Spoilers: Listen to this band: The Monkees bring joy, energy to reunion show
- NOVEMBER 12, 2012
- BY: STEVE MARINUCCI
After last year's great Monkees reunion tour with Davy Jones, Micky Dolenz and Peter Tork, one had to wonder how this surprise 2012 reunion without Jones and with Michael Nesmith, who was missing last year, would compare.
Simply put, it was wonderful. Maybe it was the bounce of having Nesmith, who has rarely toured in recent years. Before his recent shows in Big Sur and England this year, he'd been rarely seen performing outside of his Videoranch cyberhome. But he was a regular live performer in the past, doing shows to promote his superb “Tropical Campfires”album (which became the "Live at the Britt Festival" CD and DVD) and “The Prison.”
It also could have been the good feelings everyone, especially the band, had in the show's several tributes to Jones, who was sorely missed but definitely not forgotten. But whatever it was, last night's show at Flint Center in Cupertino, CA., was a delight and showed a true musical side to the Monkees.
After a lengthy introduction featuring lots of rare audio and video clips that were a delight to see, the show began as the three Monkees tumbled onstage to the familiar “Here they come, walking down the street” riff from the Monkees TV show theme. They then launched into “Last Train to Clarksville.”
If one thing was noticeable in comparing this year's tour to last year's, it was the band that was much tighter and the show seemed much more focused. Maybe it was the presence of Papa Nez, but they were a tight group last night.
When Nez stepped up for his first song, “Papa Gene's Blues,” the house literally went wild, as they did for all his songs. He seemed humbled by the reaction, maybe not wanting to take the spotlight off his fellow Monkees. But there was no question the crowd adored him and was thrilled to see him.
The show featured clusters of songs from the “Headquarters” and “Head” albums. The “Head” section, the only slight drag in the program, began with a brief clip of highlights of the irreverent movie, then several songs, mostly live and one on video. The highlight here, again, was Nesmith and the always stunning “Circle Sky.”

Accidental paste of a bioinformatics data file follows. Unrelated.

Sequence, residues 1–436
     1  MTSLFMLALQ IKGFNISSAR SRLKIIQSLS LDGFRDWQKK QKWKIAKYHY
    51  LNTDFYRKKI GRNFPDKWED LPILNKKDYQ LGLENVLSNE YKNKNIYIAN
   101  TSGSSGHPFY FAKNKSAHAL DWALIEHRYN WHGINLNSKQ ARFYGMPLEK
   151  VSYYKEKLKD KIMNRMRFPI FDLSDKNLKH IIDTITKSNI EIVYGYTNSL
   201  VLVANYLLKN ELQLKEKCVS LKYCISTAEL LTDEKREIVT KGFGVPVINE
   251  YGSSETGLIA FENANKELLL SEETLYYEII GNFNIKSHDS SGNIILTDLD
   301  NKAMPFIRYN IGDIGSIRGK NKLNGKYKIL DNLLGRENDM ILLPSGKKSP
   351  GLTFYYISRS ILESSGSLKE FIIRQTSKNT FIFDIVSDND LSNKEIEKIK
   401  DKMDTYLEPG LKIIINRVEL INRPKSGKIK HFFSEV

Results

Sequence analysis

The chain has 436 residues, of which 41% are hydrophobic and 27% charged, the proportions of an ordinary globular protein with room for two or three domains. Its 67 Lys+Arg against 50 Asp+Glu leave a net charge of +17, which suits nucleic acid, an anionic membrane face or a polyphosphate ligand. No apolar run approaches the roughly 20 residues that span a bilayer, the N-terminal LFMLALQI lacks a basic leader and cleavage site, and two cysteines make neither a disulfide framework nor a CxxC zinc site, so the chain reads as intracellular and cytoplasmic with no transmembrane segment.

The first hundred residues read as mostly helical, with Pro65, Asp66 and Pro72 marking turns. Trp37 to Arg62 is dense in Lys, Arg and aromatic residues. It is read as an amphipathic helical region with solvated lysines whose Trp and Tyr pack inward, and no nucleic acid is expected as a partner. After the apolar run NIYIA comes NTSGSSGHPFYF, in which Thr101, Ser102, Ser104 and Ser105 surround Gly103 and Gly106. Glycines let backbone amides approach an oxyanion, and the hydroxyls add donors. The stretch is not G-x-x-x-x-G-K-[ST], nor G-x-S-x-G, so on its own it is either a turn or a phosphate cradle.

Another memorable moment was Dolenz being spotlighted in “Randy Scouse Git” with a poncho that resembled the one he wore in the music video (the other is long gone, we were told). Peter Tork, who looked stronger than he did last year in the wake of his bout with cancer, also turned in strong performances on “Your Auntie Grizelda” and “For Pete's Sake.”
The Monkees comedy schtick was kept to a minimum, but one of the few times they let go, and one of the more hilarious moments of the evening, was “Daily Nightly,” which was introduced by Dolenz with jokes about the psychedelic lyric phrasings written by Nesmith and the use of the Moog Synthesizer.
But the Moog wasn't there. In its place, imagine, if you can, Nesmith mouthing the Moog sounds. It was a brilliant idea and turned a silly song into one of the show's highlights.
The three tributes to Davy Jones were emotional. Two of them used music videos for “I Wanna Be Free” and “Daddy's Song” featuring just the original songs.
The third, and by far the most heart-tugging, was “Daydream Believer,” which Dolenz said the group, at Nesmith's suggestion, decided they couldn't sing because it belonged to the fans. So the group got a couple of fans to come onstage and the stage led the house, with teary eyes, for sure, in singing the song. (See video at left.)
The show ended with two of the Monkees' strongest songs, “Listen to the Band” and “Pleasant Valley Sunday.” It was a show you hated to see end and one you'd want to see over and over, especially after the three members literally put their heart and soul into it.
A note to the Monkees: Please film this tour and release it. This was a great evening and a great show that deserves to be long remembered. And hopefully, more tour dates will be added so that more people who want to can see it.
And a message to the folks at the Rock 'n' Roll Hall of Fame: Get off the dime and let these guys in. After nights like this, they definitely deserve to be there.